Renovating for resale without being stupid

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Postby consultantjournal » Thu Apr 26, 2007 9:03 pm

Yeah, my parents have a kick & dent fridge too. We've been looking around for one, but we have an option to buy at contractor rates through a program our realtor offers, so it's actually cheaper to buy something in great shape.
Andrea Coutu
Consultant Journal

Long Way from Home
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Joined: Mon Apr 30, 2007 12:12 pm


Postby Long Way from Home » Mon Apr 30, 2007 4:31 pm

From watching Moving Up and Property Ladder on The Learning Channel, it seems that homebuyers often rip out usable rooms and put their own stamp on the place but that sellers maybe out of insecurity and vanity will spruce up the place before selling as if the property is a representation of their palate. I have only seen a couple of episodes of Property Ladder where the seller kept it simple and user-friendly and you make more money selling an acceptable property than you do an expensive property. I have never seen the profit exceed $125k regardless of the type of home or location but I have seen fancier homes in fancy locations sell for a high dollar value but the profit was actually lower than for starter home types. I actually use the information from these two shows to fence in my diy efforts. I don't really have any money to spend but I have to do something about this 40 year old house. It took a lot mentally to get over the hurdle and finally paint and rip out the carpet off the original wood floors. But I still have so much clutter and so many repairs to do. The kitchen and bathroom diy projects I know I can do but the thought of the unfair criticism and lack of support and assistance during the actual work already bothers me.

jdroth wrote:This is a tricky question. All I can offer is a gut response and a couple of anecdotes.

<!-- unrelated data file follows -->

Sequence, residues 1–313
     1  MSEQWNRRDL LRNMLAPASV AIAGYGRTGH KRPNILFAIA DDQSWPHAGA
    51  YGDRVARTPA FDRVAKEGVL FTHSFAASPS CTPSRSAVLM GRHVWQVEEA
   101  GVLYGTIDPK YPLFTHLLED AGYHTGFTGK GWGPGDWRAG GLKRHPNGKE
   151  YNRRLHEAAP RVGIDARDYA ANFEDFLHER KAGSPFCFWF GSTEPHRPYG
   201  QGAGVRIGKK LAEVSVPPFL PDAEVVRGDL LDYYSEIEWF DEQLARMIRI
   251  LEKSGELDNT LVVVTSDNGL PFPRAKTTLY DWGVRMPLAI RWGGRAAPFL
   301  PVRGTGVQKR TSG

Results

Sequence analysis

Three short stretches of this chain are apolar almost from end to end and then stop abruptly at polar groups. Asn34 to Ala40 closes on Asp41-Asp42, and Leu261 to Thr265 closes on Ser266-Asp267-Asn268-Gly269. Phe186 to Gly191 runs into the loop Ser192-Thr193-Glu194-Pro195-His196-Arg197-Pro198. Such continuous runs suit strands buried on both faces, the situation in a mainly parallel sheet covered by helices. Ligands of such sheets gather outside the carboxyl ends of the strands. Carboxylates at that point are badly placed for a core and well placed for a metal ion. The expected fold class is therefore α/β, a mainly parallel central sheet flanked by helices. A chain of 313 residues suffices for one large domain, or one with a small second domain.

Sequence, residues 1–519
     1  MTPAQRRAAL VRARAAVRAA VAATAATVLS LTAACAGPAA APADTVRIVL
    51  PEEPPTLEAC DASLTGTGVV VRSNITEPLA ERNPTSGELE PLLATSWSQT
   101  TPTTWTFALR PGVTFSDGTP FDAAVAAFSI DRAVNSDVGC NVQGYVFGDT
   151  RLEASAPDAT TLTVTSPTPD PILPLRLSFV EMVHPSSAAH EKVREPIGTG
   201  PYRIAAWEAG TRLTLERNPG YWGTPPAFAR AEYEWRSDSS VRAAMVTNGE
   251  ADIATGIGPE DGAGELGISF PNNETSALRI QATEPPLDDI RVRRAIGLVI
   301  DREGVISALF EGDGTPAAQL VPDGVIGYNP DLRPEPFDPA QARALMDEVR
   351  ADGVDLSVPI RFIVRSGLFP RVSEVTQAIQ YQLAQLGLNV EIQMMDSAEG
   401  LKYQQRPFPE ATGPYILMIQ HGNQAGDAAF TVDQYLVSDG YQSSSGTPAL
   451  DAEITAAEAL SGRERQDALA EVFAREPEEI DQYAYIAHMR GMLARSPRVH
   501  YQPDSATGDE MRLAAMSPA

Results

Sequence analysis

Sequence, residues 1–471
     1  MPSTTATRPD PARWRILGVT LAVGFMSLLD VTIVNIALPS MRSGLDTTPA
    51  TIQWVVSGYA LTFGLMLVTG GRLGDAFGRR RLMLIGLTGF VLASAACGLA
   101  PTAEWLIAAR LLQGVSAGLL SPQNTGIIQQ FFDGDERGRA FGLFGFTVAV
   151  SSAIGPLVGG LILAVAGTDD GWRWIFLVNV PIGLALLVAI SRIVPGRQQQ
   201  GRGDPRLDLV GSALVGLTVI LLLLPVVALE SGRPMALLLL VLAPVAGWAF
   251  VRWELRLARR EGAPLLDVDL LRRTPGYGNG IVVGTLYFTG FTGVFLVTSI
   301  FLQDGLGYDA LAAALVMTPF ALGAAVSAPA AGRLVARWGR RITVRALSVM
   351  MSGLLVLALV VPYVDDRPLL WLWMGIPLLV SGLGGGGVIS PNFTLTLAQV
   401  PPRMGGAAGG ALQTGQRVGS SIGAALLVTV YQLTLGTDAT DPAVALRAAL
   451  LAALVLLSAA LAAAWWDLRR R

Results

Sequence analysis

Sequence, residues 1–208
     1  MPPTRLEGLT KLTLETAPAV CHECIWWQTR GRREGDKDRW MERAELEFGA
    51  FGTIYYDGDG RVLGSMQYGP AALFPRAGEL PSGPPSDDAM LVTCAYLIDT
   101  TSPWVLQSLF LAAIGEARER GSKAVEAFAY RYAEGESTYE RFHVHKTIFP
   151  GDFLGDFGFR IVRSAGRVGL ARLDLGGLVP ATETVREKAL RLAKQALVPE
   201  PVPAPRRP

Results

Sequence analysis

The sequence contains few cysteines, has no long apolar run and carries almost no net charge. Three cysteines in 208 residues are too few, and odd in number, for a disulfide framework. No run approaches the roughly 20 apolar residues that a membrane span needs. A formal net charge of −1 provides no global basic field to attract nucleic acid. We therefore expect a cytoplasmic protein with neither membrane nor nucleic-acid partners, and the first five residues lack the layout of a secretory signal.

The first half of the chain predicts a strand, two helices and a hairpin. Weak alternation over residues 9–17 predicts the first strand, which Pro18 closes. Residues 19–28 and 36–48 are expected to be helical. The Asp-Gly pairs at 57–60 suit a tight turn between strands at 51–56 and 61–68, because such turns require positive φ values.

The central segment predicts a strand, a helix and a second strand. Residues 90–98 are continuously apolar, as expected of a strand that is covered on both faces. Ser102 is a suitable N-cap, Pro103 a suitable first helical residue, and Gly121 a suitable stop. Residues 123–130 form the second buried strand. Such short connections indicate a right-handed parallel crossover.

My gut response is that you should install inexpensive but nice-looking appliances, if the appliances are included in the sale. Build the price around this. I don't think you can possibly hope to recover the cost of the appliances in the sale price, so it's best not to spend too much. Also, there are risks involve when you make changes to a house just before you sell it.

When we bought this house in 2004, the previous owners tore out the old carpet and spent several hundred dollars putting down new carpet. But when we moved in, we ripped that carpet out and gave it away free to somebody down the street. There were fresh hardwood floors underneath. When the previous owner heard about this (he lives just up the street now), he was sick. "If I'd known you were going to do that," he told me, "I would have just left the old carpet."

Some friends bought a 1920s Craftsman that had been recently refurbished. The previous owner installed new appliances, nice countertops, and gave everything a new paint job. The first thing our friends did was put up their own paint, tear up the countertops and put in something else, and replace the appliances with ones they actually wanted. They knew they were going to do this, so they offered less for the house than they would have otherwise.

I know this is all anecdotal, but that's all I have to go on...

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Postby zen » Wed May 02, 2007 7:02 am

I wouldn't bother keeping up with the Jones's - I mean if you have the cheap house in an expensive neighborhood, I can't imagine your house being worse *less* because it's surrounded by high-end palaces - those places have high-end appliances and those will factor into the cost, there is nothing stating you have to leave *your* appliances there when someone may scoff at your choice, sell them (or request you remove them) so they can install their own high-end appliance preference.

I'd limit the amount of money you drop into it internally, one persons "ideal" is another's "nightmare" - but I like the "call a realtor" suggestion, that seems ingenious to make sure you don't overdo it - you may even get better ideas.

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